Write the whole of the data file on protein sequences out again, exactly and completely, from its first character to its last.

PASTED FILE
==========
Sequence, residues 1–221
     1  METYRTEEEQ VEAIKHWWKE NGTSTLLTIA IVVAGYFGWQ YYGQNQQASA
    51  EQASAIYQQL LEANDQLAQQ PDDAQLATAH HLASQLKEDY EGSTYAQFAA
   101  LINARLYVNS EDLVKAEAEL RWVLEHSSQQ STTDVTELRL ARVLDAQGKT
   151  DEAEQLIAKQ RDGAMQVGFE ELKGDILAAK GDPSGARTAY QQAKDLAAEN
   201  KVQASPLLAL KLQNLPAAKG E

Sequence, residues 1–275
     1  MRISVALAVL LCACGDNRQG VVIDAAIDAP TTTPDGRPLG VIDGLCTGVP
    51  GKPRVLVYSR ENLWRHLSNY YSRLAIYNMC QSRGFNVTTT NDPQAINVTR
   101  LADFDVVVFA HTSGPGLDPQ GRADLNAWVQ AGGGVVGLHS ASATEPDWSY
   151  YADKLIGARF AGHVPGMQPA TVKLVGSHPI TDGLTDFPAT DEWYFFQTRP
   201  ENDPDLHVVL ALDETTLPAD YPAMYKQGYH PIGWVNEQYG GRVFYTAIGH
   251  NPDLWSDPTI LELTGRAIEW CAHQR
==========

Sequence, residues 1–221
     1  METYRTEEEQ VEAIKHWWKE NGTSTLLTIA IVVAGYFGWQ YYGQNQQASA
    51  EQASAIYQQL LEANDQLAQQ PDDAQLATAH HLASQLKEDY EGSTYAQFAA
   101  LINARLYVNS EDLVKAEAEL RWVLEHSSQQ STTDVTELRL ARVLDAQGKT
   151  DEAEQLIAKQ RDGAMQVGFE ELKGDILAAK GDPSGARTAY QQAKDLAAEN
   201  KVQASPLLAL KLQNLPAAKG E

Sequence, residues 1–275
     1  MRISVALAVL LCACGDNRQG VVIDAAIDAP TTTPDGRPLG VIDGLCTGVP
    51  GKPRVLVYSR ENLWRHLSNY YSRLAIYNMC QSRGFNVTTT NDPQAINVTR
   101  LADFDVVVFA HTSGPGLDPQ GRADLNAWVQ AGGGVVGLHS ASATEPDWSY
   151  YADKLIGARF AGHVPGMQPA TVKLVGSHPI TDGLTDFPAT DEWYFFQTRP
   201  ENDPDLHVVL ALDETTLPAD YPAMYKQGYH PIGWVNEQYG GRVFYTAIGH
   251  NPDLWSDPTI LELTGRAIEW CAHQR